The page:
Berkshire Hathaway is having its annual frenzy. Consider some problems for General Motors which is a large component part of Berkshire Hathaway’s portfolio.

When it comes down to it I believe Warren Buffett has a behavioural bias and tends to anchor on Big American stocks. GM which is really just finished up the restructuring already is having massive recall issues. the olde school big auto arrogance is back. GM will most likely lose share to foreign more nimble manufacturers. No one has a firm grip on the US market. expect inroads from Hyundai and Volkswagen among others. Global vehicle demand is very uncertain and subject to risks which Warren Buffett is not used to seeing. Automotive stocks sell off when macro concerns boil over. at any given point in time the question will be why are we holding this one.

George Gutowski writes from a caveat emptor perspective.

Warren Buffett’s Crazy Oil Logic Makes Him Bullish on Keystone XL $XOM, $BRKB, $SU, $BNI

Warren Buffett of Berkshire Hathaway (NYSE:BRK.B) is always bullish on America. He is buying big oil like Exxon (NYSE:XOM) because he sees value. Oil and hydro carbon consumption only comes with economic activity. He already is big on Suncor (NYSE:SU) and the Canadian Oil Sands.

Being a major railroad investor with Burlington Northern Sante Fe (NYSE:BNI) he knows all about commodities and oil shipments by rail cars. He therefore would have a view on the Keystone XL pipeline and its impact on oil, energy and the economy.

By accumulating this portfolio he must have concluded that the Keystone XL pipeline will come to fruition and benefit his positions.

Warren is a sly olde dog.

George Gutowski writes from a Caveat Emptor Perspective.

Warren Buffett’s Annuity bias. Economic Slavery to Trump Green Energy $NVE, $BRK.B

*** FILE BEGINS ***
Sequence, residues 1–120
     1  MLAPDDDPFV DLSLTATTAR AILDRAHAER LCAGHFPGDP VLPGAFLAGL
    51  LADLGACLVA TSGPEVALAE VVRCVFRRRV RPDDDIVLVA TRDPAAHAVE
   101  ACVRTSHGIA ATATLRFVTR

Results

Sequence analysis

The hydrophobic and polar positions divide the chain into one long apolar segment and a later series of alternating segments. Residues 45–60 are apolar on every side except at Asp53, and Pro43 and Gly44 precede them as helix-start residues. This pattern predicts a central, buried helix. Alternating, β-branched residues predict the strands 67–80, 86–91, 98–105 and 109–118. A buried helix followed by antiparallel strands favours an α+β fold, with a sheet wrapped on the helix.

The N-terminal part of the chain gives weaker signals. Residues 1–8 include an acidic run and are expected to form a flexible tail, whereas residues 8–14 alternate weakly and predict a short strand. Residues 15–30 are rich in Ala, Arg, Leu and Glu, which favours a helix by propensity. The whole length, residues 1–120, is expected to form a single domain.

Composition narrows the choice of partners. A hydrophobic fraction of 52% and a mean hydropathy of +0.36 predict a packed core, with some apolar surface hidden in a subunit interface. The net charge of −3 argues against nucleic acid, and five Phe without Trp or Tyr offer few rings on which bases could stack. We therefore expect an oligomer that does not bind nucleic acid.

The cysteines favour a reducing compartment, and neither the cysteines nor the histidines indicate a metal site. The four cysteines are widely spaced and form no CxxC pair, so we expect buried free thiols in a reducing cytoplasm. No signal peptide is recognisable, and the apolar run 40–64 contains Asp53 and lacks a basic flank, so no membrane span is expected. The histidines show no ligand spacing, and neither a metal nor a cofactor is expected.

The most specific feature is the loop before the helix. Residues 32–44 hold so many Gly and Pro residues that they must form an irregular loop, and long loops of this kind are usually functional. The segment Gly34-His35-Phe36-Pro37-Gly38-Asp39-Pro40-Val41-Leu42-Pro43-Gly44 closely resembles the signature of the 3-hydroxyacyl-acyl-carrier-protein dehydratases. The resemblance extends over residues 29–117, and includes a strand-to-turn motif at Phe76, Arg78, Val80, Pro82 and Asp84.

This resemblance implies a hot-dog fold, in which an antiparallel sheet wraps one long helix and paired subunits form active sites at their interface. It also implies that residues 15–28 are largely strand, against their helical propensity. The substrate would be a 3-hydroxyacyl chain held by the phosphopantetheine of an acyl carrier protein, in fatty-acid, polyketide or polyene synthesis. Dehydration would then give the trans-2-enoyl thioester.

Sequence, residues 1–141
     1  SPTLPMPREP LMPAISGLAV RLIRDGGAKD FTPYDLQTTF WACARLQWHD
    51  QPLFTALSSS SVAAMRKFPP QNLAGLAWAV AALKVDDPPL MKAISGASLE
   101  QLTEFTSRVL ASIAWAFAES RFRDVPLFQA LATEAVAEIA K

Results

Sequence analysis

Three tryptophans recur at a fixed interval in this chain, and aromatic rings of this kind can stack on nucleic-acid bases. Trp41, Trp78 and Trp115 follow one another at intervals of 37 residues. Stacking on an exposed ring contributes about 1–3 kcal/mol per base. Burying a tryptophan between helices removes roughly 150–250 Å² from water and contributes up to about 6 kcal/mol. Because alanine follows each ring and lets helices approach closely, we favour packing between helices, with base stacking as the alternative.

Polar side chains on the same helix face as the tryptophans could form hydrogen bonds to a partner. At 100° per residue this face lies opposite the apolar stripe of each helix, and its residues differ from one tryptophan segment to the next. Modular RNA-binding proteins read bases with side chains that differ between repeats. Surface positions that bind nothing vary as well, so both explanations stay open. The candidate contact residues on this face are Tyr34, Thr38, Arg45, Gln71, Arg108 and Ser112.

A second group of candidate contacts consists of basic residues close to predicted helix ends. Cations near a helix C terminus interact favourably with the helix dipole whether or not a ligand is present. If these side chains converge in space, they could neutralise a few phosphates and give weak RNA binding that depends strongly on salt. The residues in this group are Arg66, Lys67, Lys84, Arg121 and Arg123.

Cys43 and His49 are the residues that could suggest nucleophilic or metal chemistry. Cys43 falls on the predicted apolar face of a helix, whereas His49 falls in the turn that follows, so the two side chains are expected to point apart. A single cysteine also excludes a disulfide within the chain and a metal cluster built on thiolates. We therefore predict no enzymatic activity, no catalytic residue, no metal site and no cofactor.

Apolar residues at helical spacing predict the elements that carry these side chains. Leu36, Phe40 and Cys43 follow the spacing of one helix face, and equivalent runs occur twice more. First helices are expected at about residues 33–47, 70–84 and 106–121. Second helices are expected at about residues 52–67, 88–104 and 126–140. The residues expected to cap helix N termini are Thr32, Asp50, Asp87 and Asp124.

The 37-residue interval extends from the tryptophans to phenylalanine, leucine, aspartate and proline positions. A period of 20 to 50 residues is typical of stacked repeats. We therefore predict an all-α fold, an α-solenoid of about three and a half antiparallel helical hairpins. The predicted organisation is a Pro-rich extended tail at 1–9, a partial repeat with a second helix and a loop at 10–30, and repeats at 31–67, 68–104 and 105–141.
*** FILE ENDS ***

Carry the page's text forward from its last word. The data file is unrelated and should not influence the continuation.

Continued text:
Berkshire Hathaway (NYSE:BRK.B) through is Mid American subsidiary is buying energy company NVE at a substantial premium. Dividend yield is slightly north of 3%. Revenues jumped smartly after cost cutting and some environmental factors such as cost of fuel and plant closures. After some hard work the positive cash flow should start to kick in and reward investors. Sounds like a good deal.

But energy costs are still high for consumer and commercial accounts. Everything is about energy savings. Solar power if it ever truly takes root will obsolete the classic power utility. Warren Buffett just bet that green energy will not negatively impact this investment.
In the very near future he is correct.

However if solar power is to work it will be in areas with high sunshine. Like where NVE operates. Solar Power will come around. It’s a question of time. Individual homes and businesses will buy more and more panels and go off grid.

Then what Warren? Then what? That’s quite the Black Swan waiting.

The financial metrics appeal to Buffett’s mind-set. Supposed wide moat. Sustainable cash flow. Few serious competitors.

But when the disruptor finally happens it will spread like wildfire. Imagine and American economy with each household having another hundred bucks a month as disposable income.

Warren Buffet claims not to understand technology. He does not understand Microsoft or Apple or Google. but he has made a time bet against Solar Power. Are you with it or against it?

George Gutowski writes from a caveat emptor perspective.